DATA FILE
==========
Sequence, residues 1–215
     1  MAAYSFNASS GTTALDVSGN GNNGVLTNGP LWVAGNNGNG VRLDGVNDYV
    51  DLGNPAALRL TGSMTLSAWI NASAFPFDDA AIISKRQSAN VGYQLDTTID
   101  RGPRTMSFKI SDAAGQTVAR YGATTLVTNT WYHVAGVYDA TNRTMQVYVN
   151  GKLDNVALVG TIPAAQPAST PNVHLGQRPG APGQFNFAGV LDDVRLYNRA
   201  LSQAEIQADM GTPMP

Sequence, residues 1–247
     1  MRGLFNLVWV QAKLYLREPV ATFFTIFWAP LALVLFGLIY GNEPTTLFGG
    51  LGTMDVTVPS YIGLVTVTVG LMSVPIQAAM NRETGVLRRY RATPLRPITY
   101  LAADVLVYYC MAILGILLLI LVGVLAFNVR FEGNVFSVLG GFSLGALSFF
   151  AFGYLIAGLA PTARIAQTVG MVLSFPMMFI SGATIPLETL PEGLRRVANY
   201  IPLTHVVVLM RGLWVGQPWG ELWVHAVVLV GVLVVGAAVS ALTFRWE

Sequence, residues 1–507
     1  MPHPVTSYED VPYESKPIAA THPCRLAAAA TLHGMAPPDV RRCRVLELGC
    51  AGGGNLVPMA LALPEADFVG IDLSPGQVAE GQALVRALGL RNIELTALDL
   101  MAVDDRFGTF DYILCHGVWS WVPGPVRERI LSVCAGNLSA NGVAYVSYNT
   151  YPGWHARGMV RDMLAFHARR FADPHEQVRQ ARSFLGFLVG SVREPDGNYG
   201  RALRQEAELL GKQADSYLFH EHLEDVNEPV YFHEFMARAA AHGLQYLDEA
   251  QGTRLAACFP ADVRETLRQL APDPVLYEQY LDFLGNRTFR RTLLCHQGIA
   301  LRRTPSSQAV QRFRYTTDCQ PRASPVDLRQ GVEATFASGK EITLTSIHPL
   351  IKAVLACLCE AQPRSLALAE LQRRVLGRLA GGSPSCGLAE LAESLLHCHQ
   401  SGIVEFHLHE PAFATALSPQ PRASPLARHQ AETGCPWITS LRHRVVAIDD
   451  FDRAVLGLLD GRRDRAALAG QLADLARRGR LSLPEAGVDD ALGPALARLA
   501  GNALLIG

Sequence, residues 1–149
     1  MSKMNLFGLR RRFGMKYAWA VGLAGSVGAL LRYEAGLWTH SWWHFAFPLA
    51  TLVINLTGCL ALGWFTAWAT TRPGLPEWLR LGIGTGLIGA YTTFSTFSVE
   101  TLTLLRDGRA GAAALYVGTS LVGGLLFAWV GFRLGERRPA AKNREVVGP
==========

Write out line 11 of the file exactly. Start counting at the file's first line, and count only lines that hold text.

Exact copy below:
   151  AFGYLIAGLA PTARIAQTVG MVLSFPMMFI SGATIPLETL PEGLRRVANY